Tough-love mums train cubs for uncertain future

PUBLISHED : Wednesday, 26 January, 2011, 12:00am
UPDATED : Wednesday, 26 January, 2011, 12:00am

Ding Xinzhu considers herself a strict mother. She lays down the rules for her four-year-old daughter, Yueyue, and she says she's the only one in the family of seven whom Yueyue 'is afraid of' and obeys.

'I told her she needs to sit up straight and feed herself at the table. If she disobeys, I will spank her. She cries, but she listens to me,' Ding, a 34-year-old executive in Shanghai, said. She picked a prominent kindergarten for her daughter and chose painting and ballet as extracurricular activities. On weekends, Yueyue takes piano lessons. 'I think I'm the most demanding among my circle of mothers, but I'm only trying to provide the best for my child and prepare her for the future,' Ding said.

Ding is one of many well-educated, professional women who see the cut-throat competition in their daily jobs and are ready to do anything - good schools, intensive training, or extracurricular activities - to make Yueyue's r?sum? impressive to prepare their children. The mothers love their children, but they also want to make sure they are strong enough for a life of competition, which they believe will only worsen.

The preparation starts early.

Last year, Ding's family moved from their downtown apartment to a remote area in Pudong so that her daughter could walk to a prominent public kindergarten. They paid a 60,000 yuan (HK$70,800) 'donation' for Yueyue's place, even though it meant she and her husband now have a two-hour round-trip commute to work.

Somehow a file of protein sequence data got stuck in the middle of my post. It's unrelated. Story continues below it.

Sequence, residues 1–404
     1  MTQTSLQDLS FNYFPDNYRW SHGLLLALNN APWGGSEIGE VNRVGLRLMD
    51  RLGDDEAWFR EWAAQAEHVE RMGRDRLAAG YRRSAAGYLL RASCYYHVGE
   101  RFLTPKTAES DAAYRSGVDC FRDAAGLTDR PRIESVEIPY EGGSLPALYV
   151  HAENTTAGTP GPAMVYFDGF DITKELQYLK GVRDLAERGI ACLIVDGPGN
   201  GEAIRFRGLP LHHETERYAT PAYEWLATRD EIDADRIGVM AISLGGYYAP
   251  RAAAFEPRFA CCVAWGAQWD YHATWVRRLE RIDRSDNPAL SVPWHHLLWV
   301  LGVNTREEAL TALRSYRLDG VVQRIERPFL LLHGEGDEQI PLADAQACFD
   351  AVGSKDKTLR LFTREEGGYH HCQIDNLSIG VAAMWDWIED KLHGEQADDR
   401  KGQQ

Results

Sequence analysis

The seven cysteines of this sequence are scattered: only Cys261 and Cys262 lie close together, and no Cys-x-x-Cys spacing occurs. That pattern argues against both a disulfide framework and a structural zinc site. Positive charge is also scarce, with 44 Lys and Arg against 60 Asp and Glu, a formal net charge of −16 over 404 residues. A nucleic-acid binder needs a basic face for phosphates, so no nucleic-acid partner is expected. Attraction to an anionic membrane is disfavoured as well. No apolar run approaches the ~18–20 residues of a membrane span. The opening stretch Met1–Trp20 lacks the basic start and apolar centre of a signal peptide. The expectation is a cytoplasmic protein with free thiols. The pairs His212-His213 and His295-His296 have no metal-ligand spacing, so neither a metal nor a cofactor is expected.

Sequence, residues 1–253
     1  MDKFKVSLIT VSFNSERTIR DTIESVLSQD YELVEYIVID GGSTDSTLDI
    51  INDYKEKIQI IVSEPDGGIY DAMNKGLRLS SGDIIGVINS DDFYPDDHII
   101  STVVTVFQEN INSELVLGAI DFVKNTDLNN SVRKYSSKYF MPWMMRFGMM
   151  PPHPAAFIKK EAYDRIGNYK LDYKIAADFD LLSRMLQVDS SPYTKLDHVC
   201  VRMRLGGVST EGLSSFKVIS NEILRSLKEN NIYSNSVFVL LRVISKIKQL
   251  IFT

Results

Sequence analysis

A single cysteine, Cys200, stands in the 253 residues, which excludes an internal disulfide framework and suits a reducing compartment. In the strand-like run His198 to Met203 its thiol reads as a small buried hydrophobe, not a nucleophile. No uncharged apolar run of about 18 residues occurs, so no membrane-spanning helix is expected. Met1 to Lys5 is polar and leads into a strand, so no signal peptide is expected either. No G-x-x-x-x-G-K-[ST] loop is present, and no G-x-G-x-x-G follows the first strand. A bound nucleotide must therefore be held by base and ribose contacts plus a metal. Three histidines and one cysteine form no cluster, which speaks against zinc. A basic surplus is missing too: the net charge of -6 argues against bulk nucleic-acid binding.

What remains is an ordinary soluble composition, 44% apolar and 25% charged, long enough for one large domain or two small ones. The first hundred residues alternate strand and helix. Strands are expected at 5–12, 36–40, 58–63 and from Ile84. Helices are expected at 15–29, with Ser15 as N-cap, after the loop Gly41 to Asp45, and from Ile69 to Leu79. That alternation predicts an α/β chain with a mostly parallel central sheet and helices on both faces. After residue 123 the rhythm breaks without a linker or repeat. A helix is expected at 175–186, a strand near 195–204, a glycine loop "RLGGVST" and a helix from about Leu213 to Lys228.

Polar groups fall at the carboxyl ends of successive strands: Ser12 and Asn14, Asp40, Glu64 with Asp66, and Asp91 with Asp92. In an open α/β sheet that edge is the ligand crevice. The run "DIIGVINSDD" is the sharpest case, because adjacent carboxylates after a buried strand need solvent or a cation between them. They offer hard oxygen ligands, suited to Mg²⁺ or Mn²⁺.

What's more, with her daughter 11/2 years from entering primary school, the family sold its downtown apartment to get a new one in Pudong, which guarantees entry to 'middle to top schools'.

'The primary school has only five years and the middle school only five years, too, which means she skips two years. The middle school is known for being strict, but they teach French and ballet, which is very good,' Ding said.

Ding doesn't see her meticulous preparations as placing high expectations or pressure on Yueyue to be at the top of her class. 'I don't know how she will turn out. It really depends on her ability, but I try to provide her with the best,' she said.

Beijing office worker Wang Lin signed up her eight-year-old son for two extracurricular classes - 'maths Olympics' and English - even though he was enrolled at one of the capital's top public schools. She and her husband 'donated' 100,000 yuan so he can continue in the middle school.

'Everyone enrolled in an after-school English class, not only because it is useful, but also to prepare him to study overseas later,' Wang said, adding that other families at the school are preparing their children for secondary and tertiary study overseas. Her son, who is in the second grade, often stays up after 9pm doing homework. He is not allowed to watch television on weekdays, only some cartoons on the weekends.

'The sense of competition stems from our insecurity about the future,' Wang said. 'We don't have a sound social security network, and there is talk of delaying the retirement age, which means we might have to wait a few years longer to get our pensions. The cost of living is high, not to mention property prices and expensive medical care.

'Our children will be living in a cruelly competitive environment in the future, and I think the competition will be not only among [my son's] peers in Beijing, but also people from other countries, since Beijing has become more and more international.